The peer leader program in progress

Peer leader Jordan Blaugrund helps a student on a math problem in Ms. Moeschbergers classroom.

Peer leader Jordan Blaugrund helps a student on a math problem in Ms. Moeschberger’s classroom.

Jamie Simmerson, Contributing Writer

Solon High School (SHS) continues utilizing the Peer Leader Program this year with efforts for students to enhance leadership and people skills to help guide struggling students to success.

Transitioning from utilizing the Peer Leader Program for online school, compared to completely in-person school, was one of the main challenges for the teachers and students who needed another support system in the classroom.

Brad Sims, one of the guidance counselors at SHS, noted that last year, the break out rooms made it very difficult for students to interact and physically receive help from the peer leaders. Now that all students are in person, students will benefit from gaining academic support and being able to talk through concepts in the classroom.

“Honestly, I think if there was ever a need for the program in the building, it would be this year,” Sims said. “As students make that adjustment back to in person learning, having that access to another student in the classroom who’s been there done that, that can kind of go alongside the students I think is wonderful.”

As one of the core advisors, Carla Rodenbucher addressed the history of the Peer Leader Program and how it sprouted at SHS.

“I know that there was Mrs. Kosoriak, Mr. Sims and I think Mrs. Russell and maybe Ms. Somerville,” Rodenbucher said. “…but they actually went to see a peer leader program at another high school and started to think about ways in which we can utilize students. This is because the research shows that sometimes when kids work with students, they are able to explain things sometimes better to certain students and they can share their strategies based on what they learned in prior classes that they took. So, they thought they would bring this back to this high school and replicate the process that would work for Solon High School.”

Rodenbucher has conducted a survey in the past primarily to receive suggestions for improvements in the program. She explained how a majority of the responses resulted in students saying that a portion of the motivation and determination for them to achieve success comes from the assistance of the peer leaders.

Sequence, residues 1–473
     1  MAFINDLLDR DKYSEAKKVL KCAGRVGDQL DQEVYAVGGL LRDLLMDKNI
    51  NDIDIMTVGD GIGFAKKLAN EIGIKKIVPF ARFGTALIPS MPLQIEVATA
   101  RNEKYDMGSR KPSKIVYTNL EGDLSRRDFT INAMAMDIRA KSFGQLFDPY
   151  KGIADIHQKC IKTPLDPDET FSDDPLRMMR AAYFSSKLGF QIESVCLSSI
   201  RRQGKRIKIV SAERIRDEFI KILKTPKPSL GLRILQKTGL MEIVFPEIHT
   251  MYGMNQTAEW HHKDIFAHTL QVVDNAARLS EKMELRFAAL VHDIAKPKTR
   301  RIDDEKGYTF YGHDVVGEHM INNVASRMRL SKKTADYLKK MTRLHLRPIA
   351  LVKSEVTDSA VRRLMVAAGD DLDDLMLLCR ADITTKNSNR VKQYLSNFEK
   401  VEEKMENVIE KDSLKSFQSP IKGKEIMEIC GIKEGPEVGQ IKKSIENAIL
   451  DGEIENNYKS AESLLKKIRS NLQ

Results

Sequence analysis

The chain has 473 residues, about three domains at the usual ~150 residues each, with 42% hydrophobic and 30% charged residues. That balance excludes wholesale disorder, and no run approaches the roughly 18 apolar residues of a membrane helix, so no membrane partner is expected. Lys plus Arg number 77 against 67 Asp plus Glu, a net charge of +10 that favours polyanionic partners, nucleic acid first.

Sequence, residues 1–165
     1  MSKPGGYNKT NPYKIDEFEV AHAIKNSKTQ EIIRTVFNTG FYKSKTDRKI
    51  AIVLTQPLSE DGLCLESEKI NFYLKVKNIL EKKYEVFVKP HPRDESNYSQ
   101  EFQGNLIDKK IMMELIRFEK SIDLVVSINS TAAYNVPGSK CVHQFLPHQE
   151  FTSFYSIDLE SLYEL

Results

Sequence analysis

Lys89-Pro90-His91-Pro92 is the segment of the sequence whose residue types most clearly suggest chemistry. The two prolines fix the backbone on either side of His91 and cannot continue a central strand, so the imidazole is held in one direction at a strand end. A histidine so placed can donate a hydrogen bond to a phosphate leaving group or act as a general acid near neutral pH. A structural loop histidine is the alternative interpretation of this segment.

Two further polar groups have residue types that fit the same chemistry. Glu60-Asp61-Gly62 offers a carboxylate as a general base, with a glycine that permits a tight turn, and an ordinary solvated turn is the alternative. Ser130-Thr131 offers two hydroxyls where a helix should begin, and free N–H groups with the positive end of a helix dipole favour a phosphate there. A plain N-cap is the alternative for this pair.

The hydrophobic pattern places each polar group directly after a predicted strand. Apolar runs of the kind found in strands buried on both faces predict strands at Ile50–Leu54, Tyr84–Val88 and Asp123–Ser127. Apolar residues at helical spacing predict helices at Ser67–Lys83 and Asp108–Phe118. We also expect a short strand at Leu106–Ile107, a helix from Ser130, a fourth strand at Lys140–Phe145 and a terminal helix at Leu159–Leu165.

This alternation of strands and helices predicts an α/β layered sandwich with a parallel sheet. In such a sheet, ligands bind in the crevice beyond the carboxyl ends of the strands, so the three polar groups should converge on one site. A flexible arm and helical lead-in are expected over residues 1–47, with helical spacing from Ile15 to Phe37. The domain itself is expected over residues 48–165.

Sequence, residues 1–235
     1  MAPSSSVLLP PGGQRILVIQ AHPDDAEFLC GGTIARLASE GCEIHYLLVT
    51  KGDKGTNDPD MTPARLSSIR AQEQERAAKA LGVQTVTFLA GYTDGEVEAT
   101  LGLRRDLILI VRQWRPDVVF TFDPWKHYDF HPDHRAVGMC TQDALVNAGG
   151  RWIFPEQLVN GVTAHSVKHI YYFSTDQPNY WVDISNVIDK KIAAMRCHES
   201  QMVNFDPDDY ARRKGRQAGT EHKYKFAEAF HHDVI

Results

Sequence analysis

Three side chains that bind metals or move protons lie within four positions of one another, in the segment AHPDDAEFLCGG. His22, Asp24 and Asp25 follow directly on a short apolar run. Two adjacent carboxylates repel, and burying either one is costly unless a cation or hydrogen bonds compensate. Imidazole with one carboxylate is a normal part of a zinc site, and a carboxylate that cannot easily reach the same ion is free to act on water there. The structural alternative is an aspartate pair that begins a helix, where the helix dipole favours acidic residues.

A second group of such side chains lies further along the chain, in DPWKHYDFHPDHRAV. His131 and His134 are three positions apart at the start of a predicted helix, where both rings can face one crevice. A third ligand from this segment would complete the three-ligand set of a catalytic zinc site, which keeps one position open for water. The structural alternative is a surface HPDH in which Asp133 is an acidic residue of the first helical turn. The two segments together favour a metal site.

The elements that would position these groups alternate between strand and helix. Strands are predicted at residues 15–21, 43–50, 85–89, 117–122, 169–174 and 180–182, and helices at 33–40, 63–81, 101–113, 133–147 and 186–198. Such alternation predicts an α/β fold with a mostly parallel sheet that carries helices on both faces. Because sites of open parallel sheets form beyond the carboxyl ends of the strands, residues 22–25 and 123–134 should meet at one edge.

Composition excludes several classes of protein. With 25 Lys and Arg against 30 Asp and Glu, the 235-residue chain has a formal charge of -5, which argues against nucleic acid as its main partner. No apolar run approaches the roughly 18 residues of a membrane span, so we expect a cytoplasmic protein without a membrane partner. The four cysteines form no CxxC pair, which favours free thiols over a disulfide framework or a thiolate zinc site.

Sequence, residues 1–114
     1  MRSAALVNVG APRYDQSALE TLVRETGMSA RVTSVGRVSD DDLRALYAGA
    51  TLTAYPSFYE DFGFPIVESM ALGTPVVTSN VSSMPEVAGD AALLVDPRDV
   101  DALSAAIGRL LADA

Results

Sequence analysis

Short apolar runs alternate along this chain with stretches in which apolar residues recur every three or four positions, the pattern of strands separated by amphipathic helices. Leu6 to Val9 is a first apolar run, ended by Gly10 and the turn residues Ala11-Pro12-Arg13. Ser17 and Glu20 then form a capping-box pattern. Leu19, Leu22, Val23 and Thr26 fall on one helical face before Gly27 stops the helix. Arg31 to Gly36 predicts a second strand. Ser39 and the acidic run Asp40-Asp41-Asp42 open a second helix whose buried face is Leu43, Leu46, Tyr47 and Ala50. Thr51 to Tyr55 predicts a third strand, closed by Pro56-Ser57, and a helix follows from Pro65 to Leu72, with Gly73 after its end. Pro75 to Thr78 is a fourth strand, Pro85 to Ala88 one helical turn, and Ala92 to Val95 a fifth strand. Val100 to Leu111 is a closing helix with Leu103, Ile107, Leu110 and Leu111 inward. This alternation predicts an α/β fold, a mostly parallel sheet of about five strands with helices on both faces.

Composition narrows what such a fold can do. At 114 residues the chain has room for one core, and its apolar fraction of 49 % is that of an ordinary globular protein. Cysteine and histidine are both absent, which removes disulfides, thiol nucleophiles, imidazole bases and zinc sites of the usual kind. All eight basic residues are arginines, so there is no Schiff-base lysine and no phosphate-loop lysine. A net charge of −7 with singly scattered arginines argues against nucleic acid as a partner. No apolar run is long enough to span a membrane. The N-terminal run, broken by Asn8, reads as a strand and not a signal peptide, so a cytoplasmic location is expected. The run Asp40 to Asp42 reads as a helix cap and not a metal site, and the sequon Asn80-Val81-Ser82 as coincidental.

“But, overall, the feedback that I get from kids is that they really like having the peer leaders,” Rodenbucher said. “And, for certain kids, it helped them pass their classes. Or, it’s helped them to get help from someone, like immediate feedback in the class opposed to having to wait to get the feedback from a teacher.”

Rodenbucher goes into detail about the importance of gathering students for the program that want the opportunity to help students who are struggling.

“I think it’s just about finding people, and people that don’t necessarily want this to look good on their resume or their college application, because they’re doing volunteerism,” Rodenbucher said. “But this isn’t volunteerism, so these really can’t count toward hours. I really want people that really want to help our school, that really want to have a community feel, that want to help out in any way and maybe they do have a passion for the subject area.”

Anna Guseilo, a math teacher at SHS, added her viewpoints on what can produce an effective peer leader.

“I’ve had, I think, two or three over the past let’s say four years,” Guseilo said. “And, mainly, they contributed by helping struggling students, grade materials, and just being an extra set of hands, eyes and ears in the classroom.”

In addition to the students receiving guidance on their homework or worksheets in class in order to be successful in class, the peer leaders receive benefits from the program as well.

“For the peer leaders, [the experience involves] really developing that sense of leadership and that comfort level, cause I know lots of students go in and they don’t know the students that well, so it’s kind of new for them at the same time,” Sims said. “And, they are putting themselves in a leadership role. So, growing that confidence that comes along with it I think is a great thing. It’s a life skill, they’re going to need it for going to college, if that’s the pathway that they go with. But, really in any sector of life, you’re going to use that.”

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